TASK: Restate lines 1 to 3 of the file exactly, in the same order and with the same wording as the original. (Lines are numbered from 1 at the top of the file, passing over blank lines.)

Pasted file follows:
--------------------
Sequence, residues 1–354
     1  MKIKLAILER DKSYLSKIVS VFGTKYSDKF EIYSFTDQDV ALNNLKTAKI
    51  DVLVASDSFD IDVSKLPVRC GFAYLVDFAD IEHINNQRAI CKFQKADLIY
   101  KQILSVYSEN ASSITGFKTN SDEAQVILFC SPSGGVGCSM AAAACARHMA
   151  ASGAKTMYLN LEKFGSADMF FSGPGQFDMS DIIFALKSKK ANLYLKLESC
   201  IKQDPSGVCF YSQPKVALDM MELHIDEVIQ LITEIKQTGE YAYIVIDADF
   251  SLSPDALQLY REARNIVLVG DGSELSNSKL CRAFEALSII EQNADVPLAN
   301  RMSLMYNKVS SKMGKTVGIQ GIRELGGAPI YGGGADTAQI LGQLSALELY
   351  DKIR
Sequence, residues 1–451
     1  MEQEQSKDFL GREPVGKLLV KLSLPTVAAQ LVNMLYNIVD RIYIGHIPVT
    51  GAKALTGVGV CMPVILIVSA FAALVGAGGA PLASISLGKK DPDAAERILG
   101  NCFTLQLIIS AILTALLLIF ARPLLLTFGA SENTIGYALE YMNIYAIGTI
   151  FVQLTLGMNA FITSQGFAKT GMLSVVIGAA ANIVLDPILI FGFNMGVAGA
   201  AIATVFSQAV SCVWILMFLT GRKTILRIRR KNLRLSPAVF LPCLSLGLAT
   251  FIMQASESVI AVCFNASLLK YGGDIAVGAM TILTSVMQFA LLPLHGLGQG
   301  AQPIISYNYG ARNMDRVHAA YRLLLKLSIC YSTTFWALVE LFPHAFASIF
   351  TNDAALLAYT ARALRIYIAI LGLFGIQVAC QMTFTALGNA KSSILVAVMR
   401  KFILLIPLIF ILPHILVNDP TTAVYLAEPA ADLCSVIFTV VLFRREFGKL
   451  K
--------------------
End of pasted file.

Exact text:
Sequence, residues 1–354
     1  MKIKLAILER DKSYLSKIVS VFGTKYSDKF EIYSFTDQDV ALNNLKTAKI
    51  DVLVASDSFD IDVSKLPVRC GFAYLVDFAD IEHINNQRAI CKFQKADLIY